In a way I'm an idealist and when younger I would influence larger groups of people by having leaderships roles in high school and college, but now my idealism mostly makes me dream of living in isolation with another hermit and just trying to survive. I think the world is hideously dark, and I try to take in reality just as it is in order to be most skilled at choosing how to make it better within the realistic limits of my person. Because the external world affects me I have to retreat far too often to be a true activist. This is a core component of the INFJ descriptions - that need to suddenly retreat. I think it's the Fe-doms and Te-doms (based on Jung's descriptions) that are far more likely to act their internal ideas onto the world.
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  2. #22
    darkened dreams Ravenetta's Avatar
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    It's also worth noting the relationship between activism and idealism/realism.

    Over the years I have seen some of the most effective social activists are the realists. It doesn't take much idealism to see there are problems in the world and the majority of those problems have simple, concrete, direct solutions. Most suffering in the world could be fixed with a healthy bowl of soup, clothes, shelter, counseling, proper medical care, etc. ESFJs with their realism and strong connection to the concrete world are absolutely amazingly effective when they are activists.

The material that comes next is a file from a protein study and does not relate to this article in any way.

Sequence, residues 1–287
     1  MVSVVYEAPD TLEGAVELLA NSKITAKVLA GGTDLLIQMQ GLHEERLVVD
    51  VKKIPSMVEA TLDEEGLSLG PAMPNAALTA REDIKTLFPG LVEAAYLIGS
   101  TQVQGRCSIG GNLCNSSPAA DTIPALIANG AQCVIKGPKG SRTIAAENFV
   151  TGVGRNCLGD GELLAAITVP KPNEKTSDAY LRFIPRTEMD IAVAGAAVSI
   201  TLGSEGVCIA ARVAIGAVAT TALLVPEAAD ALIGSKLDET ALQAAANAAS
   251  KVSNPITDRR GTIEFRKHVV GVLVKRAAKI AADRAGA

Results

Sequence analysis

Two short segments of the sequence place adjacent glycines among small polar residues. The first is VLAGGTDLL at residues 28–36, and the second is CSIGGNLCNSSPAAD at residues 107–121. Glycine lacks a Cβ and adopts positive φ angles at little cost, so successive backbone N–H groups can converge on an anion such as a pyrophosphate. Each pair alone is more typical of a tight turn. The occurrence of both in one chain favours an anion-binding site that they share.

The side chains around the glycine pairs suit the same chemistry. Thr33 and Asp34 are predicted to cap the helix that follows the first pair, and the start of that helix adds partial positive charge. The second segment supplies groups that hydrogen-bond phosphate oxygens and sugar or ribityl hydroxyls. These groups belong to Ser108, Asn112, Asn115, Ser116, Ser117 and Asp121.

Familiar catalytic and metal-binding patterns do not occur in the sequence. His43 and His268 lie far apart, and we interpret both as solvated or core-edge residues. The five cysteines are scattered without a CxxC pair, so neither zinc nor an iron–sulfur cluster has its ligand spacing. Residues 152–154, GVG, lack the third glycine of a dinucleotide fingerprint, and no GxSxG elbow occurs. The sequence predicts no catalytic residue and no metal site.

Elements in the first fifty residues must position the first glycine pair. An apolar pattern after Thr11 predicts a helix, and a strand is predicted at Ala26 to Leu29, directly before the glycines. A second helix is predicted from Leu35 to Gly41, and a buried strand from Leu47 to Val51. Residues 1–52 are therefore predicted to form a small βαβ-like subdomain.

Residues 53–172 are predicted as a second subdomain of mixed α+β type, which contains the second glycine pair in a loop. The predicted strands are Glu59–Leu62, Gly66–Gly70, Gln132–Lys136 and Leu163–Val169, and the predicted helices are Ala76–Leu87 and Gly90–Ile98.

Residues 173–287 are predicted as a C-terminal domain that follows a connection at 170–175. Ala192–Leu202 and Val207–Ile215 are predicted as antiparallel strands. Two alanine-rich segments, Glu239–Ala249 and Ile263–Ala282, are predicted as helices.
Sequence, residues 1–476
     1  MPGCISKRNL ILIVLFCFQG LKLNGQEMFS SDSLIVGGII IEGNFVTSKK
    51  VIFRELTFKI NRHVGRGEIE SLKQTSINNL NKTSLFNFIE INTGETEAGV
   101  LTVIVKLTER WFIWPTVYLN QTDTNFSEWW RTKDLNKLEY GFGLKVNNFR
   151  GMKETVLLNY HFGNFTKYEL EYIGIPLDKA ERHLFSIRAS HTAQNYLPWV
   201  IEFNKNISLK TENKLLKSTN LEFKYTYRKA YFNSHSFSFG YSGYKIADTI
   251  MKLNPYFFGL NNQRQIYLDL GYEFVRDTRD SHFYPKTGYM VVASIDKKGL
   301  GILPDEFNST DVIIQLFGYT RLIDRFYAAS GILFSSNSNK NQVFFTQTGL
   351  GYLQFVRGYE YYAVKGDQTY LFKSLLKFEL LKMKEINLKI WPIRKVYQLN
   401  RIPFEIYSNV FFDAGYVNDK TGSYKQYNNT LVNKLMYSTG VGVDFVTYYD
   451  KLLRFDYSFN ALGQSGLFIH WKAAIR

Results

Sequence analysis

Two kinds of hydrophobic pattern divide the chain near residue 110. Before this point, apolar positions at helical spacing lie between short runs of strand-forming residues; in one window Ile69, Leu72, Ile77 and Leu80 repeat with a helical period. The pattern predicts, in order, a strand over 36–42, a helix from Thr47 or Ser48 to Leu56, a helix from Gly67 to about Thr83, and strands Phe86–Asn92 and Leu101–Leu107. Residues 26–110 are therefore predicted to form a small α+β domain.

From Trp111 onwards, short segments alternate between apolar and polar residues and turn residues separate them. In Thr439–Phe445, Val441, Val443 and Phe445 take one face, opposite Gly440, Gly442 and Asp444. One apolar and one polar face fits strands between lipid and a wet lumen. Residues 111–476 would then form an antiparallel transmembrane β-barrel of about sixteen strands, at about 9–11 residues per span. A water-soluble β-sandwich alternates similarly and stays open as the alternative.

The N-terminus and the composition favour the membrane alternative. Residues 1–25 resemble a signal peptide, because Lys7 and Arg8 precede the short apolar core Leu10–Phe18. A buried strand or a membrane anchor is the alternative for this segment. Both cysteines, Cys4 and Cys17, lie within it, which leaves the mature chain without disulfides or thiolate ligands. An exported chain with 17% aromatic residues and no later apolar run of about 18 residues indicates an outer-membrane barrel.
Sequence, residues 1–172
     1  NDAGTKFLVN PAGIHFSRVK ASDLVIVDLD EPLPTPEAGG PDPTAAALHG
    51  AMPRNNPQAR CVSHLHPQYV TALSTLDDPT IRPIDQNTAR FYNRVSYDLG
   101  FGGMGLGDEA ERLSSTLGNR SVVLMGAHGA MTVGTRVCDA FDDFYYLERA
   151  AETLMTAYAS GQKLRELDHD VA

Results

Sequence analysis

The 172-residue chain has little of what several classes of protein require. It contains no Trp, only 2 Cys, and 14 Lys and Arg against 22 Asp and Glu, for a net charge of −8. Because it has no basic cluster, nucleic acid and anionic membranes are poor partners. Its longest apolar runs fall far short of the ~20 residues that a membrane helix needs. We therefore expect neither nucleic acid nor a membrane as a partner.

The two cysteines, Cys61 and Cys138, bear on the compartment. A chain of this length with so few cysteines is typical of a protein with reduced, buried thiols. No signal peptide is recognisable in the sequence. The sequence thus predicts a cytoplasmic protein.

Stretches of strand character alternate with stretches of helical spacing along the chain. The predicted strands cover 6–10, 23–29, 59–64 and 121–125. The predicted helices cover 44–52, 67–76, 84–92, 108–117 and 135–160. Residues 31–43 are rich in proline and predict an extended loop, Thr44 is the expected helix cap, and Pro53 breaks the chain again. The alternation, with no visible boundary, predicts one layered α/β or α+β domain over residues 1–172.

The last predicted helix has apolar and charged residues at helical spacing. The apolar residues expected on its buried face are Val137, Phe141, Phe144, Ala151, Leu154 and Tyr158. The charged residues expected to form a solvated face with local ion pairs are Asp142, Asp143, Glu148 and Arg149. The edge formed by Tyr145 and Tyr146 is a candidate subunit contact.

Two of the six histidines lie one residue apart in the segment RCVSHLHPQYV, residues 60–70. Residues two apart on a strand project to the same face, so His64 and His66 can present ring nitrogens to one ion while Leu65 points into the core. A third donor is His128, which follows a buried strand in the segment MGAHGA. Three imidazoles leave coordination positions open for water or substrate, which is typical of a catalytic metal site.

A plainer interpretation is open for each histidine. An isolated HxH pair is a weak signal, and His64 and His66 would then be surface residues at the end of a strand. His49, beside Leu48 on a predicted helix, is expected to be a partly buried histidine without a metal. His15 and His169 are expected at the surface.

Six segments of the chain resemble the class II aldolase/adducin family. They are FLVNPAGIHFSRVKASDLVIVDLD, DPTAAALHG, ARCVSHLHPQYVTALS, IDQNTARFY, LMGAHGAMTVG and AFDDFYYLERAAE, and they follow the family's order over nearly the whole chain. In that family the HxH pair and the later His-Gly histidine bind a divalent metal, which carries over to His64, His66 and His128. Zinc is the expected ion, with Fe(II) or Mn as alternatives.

It's a misnomer to assume that INFJ and INFP, or even the ISFJ and ISFP are the core of activism. No, the sensitive, analytical, introverted, poetic types are all capable of idealism that is quite separate from the rigors and pragmaticism of activism. Also fwiw, the INFP is labeled as the "Idealist" according to MBTI.
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  3. #23
    Member Evastover's Avatar
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    Quote Originally Posted by RandomINTP View Post